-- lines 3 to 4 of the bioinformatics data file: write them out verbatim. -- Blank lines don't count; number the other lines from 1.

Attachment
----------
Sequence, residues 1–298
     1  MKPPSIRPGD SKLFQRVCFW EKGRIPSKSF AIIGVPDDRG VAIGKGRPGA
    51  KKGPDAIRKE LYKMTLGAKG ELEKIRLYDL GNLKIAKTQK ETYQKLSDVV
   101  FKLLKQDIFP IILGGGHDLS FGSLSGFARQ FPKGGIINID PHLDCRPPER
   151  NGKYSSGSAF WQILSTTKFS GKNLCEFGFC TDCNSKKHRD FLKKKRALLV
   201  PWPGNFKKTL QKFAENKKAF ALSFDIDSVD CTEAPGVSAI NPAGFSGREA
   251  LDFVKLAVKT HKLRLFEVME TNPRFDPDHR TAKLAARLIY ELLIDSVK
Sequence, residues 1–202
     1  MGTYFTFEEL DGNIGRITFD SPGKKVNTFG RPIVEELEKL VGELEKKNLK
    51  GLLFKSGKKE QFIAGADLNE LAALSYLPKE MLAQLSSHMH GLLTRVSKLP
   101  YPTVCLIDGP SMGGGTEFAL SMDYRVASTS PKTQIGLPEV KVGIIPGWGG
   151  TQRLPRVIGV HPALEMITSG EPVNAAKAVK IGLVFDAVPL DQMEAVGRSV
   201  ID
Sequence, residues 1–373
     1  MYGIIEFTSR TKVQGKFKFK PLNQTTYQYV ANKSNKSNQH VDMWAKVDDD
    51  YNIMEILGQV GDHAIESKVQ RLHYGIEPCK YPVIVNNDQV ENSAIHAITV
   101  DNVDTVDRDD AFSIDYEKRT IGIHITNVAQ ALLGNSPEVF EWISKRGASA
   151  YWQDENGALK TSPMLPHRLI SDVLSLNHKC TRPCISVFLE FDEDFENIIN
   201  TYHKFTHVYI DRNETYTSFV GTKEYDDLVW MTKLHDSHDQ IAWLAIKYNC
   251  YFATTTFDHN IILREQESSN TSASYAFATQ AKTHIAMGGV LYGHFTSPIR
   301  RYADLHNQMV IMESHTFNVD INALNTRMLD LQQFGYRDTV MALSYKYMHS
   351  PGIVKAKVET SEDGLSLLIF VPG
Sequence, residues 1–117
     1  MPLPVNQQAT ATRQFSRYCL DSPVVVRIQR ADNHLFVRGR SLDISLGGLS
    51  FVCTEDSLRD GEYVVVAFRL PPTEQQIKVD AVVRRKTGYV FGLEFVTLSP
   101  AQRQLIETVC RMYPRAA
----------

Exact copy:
    51  KKGPDAIRKE LYKMTLGAKG ELEKIRLYDL GNLKIAKTQK ETYQKLSDVV
   101  FKLLKQDIFP IILGGGHDLS FGSLSGFARQ FPKGGIINID PHLDCRPPER